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Religion, Leadership and Coordination: Evidence from a Lab Experiment in the Field
Last registered on July 26, 2017

Pre-Trial

Trial Information
General Information
Title
Religion, Leadership and Coordination: Evidence from a Lab Experiment in the Field
RCT ID
AEARCTR-0002353
Initial registration date
July 25, 2017
Last updated
July 26, 2017 11:17 AM EDT
Location(s)
Region
Primary Investigator
Affiliation
University of Notre Dame
Other Primary Investigator(s)
PI Affiliation
Universidad Carlos III Madrid
PI Affiliation
University of Essex
PI Affiliation
University of Gothenburg
Additional Trial Information
Status
On going
Start date
2017-06-18
End date
2017-09-30
Secondary IDs
Abstract
We conduct coordination games in order to understand how citizens' actions and expectations respond to the religious identity of their leader. Groups are randomly assigned to leaders of different religions, and their responses in the coordination game are compared. We also examine whether pre-game announcements and activities shape the responses in the coordination game.
External Link(s)
Registration Citation
Citation
Bhalotra, Sonia et al. 2017. "Religion, Leadership and Coordination: Evidence from a Lab Experiment in the Field." AEA RCT Registry. July 26. https://doi.org/10.1257/rct.2353-1.0.
Former Citation
Bhalotra, Sonia et al. 2017. "Religion, Leadership and Coordination: Evidence from a Lab Experiment in the Field." AEA RCT Registry. July 26. http://www.socialscienceregistry.org/trials/2353/history/19836.
Experimental Details
Interventions
Intervention(s)
We conducted coordination games in the field, across different locations of Uttar Pradesh state in northern India. We plan to measure the impact of several interventions: (1) the assignment of a leader to the group in an effort to mitigate coordination failure, (2) assignment of leaders of different religions in order to see whether the religious identity of the leader matters for coordination, (3) pre-game announcement of an affirmative action policy with regard to leader assignment and (4) pre-game contact between members of different religions. The interventions are planned to be conducted with 1056 participants across 44 sites with differing social and demographic characteristics, and including areas with and without a history of religious conflict.
Intervention Start Date
2017-07-02
Intervention End Date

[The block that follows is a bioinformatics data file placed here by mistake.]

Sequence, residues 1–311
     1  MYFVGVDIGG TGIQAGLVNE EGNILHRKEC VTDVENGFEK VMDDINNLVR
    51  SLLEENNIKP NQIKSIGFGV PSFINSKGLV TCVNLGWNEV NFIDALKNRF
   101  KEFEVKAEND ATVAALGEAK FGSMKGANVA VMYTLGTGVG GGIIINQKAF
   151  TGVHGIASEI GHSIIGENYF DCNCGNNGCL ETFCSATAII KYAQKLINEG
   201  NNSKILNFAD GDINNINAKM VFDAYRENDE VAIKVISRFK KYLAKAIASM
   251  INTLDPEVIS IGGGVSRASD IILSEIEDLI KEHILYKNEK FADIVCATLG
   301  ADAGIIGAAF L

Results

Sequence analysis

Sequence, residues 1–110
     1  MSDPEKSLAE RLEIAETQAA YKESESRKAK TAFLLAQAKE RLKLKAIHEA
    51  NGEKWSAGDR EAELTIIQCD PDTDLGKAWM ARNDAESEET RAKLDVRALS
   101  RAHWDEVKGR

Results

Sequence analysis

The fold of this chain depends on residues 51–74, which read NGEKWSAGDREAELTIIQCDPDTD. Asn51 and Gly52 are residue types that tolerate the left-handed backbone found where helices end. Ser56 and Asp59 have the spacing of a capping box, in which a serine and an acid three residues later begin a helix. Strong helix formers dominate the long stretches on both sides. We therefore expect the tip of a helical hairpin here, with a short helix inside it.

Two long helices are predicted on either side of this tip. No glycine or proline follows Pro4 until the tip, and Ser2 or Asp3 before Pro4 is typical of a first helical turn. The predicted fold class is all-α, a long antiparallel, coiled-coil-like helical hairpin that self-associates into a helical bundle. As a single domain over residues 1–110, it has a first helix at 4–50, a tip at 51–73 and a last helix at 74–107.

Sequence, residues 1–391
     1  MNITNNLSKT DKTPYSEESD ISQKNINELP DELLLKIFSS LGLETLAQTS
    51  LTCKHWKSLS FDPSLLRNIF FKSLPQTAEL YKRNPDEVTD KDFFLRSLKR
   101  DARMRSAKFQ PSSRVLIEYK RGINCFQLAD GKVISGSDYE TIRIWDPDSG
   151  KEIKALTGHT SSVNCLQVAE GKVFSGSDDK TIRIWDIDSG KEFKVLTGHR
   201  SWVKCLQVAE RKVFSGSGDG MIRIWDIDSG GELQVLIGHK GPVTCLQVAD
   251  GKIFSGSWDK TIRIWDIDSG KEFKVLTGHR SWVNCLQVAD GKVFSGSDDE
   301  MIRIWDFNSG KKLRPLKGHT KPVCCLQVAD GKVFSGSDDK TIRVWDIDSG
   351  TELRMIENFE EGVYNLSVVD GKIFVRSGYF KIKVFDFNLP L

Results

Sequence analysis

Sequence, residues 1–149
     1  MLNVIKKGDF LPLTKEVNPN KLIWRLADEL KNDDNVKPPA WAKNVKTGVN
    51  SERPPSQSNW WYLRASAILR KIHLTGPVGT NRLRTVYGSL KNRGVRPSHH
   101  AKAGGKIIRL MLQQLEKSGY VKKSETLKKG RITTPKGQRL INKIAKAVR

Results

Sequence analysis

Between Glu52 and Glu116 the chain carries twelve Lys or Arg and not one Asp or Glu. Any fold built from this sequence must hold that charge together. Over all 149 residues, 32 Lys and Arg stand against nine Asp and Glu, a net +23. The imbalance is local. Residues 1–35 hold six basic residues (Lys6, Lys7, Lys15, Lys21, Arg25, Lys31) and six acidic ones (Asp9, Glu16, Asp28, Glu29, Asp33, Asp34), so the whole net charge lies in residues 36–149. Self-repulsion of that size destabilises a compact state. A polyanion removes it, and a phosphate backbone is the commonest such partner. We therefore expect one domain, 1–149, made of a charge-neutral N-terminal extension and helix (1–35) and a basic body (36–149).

2017-07-30
Primary Outcomes
Primary Outcomes (end points)
(1) The minimum effort exerted by each group in each round.
(2) Effort choices of each participant in each round.
(3) Proposals made by each leader about the level of effort to be exerted by members of the firm
(4) Social appropriateness of exerting different levels of effort under leaders of different religious identities.
(5) Social appropriateness of different aspects of inter-religious interactions
(6) Responses to survey questions.
(7) In addition to examining the response of these outcomes to the interventions discussed above, we will also conduct heterogeneity analysis across areas of varying societal and demographic characteristics.
Primary Outcomes (explanation)
Secondary Outcomes
Secondary Outcomes (end points)
Secondary Outcomes (explanation)
Experimental Design
Experimental Design
Our experiment is conducted across 44 sites in northern India. Within each site, we have six groups of four players each in the coordination game. Leaders of different religions are assigned randomly across these six groups within each site. Further, different sites are randomly assigned to different interventions: 15 sites have an announcement that the leaders have been chosen subject to affirmative action rules, 15 sites have a pre-game activity that brings together participants of different religions and 14 sites are control sites without such pre-game interventions.

Following the coordination game, participants also answer a series of questions about social norms and what is considered appropriate behavior in their community. Participants are incentivized to answer about the prevalent views in the community rather than their own personal views. Participants also answer a short survey about their personal and demographic characteristics and their views on political leaders and governance.
Experimental Design Details
Randomization Method
Randomization was done in the office by a computer.
Randomization Unit
Site-level randomization was done for the contact activity and the affirmative action announcement. Group-level randomization was done for assigning leaders of different religious identities.
Was the treatment clustered?
Yes
Experiment Characteristics
Sample size: planned number of clusters
44 sites, 6 groups in each site, for a total of 264 group.
Sample size: planned number of observations
4 participants in each group, for a total of 1056 participants.
Sample size (or number of clusters) by treatment arms
Site level randomization: 15 sites with affirmative action announcement, 15 sites with pre-game contact activity, 14 controls.

Group level randomization: 132 groups with Hindu leaders and 132 groups with Muslim leaders.
Minimum detectable effect size for main outcomes (accounting for sample design and clustering)
IRB
INSTITUTIONAL REVIEW BOARDS (IRBs)
IRB Name
University of Notre Dame
IRB Approval Date
2017-06-14
IRB Approval Number
17-05-3869
Post-Trial
Post Trial Information
Study Withdrawal
Intervention
Is the intervention completed?
No
Is data collection complete?
Data Publication
Data Publication
Is public data available?
No
Program Files
Program Files
Reports, Papers & Other Materials
Relevant Paper(s)
REPORTS & OTHER MATERIALS